Some people really have the nerve

Aleks Farrugia, director of Lifelong Learning and a freemason with Simon Cusens club, has penned an article in the Times of Malta, complaining that the Maltese have become more “capitalist than Wall Street”. I don’t know what that means, but it’s only because Aleks isn’t capable of comprehending complex concepts despite his intellectual pretensions. So much so, he is not aware of how ridiculous and hypocritical he sounds to be complaining about greed given his personal history. In reality, many Maltese, Aleks included would probably starve to death if they had to live in capitalism.

Some readers commenting on the article about Simon Cusens and his freemason club accused me that I was hitting on small and irrelevant groups. I disagree. Freemason clubs are spaces and networks for rent-seeking and Aleks’ story is a very good example of this. And even if it’s rent-seeking light, it still uncovers niche government and business networks hidden from the public.

Aleks joined the freemasonry as soon as Labour entered office in 2013. That was the time Aleks left his job as Torċa editor for a job he didn’t like at Malta Enterprise, but it paid better. He bought a sports car (among all things), and let’s say, to be discreet, changed his lifestyle. This is the story not just of Aleks, but of many other Labour Party affiliates and members who received government posts from 2013 onwards.

The rush of new members in the freemasonry in 2013 was impressive. Joseph Muscat actively supported this phenomenon because he had brought his own Party members into these clubs and by default extended his reach and power. Of course, I was also offered to join the freemasons by different people at that time, and these solicitations were made to many government directors. Logically, I declined these invitations as I had a very different and idealistic perspective from people like Aleks.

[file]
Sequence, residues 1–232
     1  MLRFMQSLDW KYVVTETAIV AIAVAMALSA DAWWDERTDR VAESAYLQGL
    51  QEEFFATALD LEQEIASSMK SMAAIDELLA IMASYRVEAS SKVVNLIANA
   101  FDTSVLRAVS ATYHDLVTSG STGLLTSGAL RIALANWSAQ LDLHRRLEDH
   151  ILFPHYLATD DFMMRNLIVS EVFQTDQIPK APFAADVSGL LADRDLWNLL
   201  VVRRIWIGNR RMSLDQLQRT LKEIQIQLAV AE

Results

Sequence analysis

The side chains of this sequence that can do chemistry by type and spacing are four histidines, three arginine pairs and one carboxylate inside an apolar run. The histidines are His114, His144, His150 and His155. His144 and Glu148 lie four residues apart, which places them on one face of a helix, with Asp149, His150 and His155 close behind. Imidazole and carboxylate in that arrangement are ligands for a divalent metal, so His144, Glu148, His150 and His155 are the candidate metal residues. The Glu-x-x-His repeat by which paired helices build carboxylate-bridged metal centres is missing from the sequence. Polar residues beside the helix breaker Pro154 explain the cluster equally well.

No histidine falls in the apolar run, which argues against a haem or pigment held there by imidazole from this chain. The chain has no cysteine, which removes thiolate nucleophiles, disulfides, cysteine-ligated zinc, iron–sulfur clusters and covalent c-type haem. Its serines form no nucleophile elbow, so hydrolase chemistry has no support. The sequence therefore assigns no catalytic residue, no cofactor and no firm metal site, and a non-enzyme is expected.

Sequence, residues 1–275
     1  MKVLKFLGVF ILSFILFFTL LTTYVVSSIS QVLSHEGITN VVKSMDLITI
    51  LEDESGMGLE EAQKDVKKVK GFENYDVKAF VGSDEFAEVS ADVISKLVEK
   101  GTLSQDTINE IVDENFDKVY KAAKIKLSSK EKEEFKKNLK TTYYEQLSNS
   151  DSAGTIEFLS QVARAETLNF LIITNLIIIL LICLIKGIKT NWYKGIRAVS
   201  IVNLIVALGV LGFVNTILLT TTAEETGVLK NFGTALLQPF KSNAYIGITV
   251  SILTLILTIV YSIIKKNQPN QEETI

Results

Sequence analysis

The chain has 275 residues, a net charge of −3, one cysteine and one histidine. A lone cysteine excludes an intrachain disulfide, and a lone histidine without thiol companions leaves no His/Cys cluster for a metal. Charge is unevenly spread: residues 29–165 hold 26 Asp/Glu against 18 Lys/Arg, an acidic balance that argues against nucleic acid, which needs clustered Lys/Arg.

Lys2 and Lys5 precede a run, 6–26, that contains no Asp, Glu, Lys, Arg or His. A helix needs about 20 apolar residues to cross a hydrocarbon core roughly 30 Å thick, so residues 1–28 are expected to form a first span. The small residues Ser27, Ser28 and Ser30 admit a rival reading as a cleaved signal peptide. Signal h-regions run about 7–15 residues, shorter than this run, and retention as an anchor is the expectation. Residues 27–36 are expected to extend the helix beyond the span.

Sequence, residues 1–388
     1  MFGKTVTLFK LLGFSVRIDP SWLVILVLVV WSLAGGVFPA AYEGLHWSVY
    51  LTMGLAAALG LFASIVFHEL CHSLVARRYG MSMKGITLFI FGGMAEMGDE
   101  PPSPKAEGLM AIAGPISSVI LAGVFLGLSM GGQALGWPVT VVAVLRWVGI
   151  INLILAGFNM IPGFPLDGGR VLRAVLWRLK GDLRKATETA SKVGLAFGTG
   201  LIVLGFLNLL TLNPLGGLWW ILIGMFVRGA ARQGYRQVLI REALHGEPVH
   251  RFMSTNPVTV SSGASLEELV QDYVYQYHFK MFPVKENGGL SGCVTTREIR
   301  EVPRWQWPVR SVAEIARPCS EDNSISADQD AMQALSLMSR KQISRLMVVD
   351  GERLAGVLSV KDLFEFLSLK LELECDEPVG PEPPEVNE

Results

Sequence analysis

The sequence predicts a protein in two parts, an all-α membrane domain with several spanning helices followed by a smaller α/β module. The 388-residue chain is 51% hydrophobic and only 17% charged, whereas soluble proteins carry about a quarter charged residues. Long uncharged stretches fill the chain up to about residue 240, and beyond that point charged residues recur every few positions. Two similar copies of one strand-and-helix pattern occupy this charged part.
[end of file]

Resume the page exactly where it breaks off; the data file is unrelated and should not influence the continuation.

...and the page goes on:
Today, after Aleks has secured his place and loot thanks to his connections with the Labour Party, he has the nerve to preach about greed. Instead, what Aleks should be doing, as a member (equivalent to a director) of the National Book Council, is writing about the matters which are supposedly related to his public roles. By law, the National Book Council is supposed to speak in the interest of authors and book publishers at a state and government level, yet, the National Book Council didn’t even release a statement when a book author was recently threatened. Neither did the National Book Council react when the Prime Minister himself insulted the whole book industry at the Labour Party’s general conference.

So, yes, it’s a story about the light rent-seeking of a government stooge but it also explains how our institutions are compromised by Labour Party affiliates whose only interest is self-serving. The National Book Council would have still been an independent entity which actually fulfills its role by law if the right people were members of the National Book Council instead of people like Aleks. The Labour Party needs many people like Aleks in government entities in order to push its agenda in public institutions and there are many like him.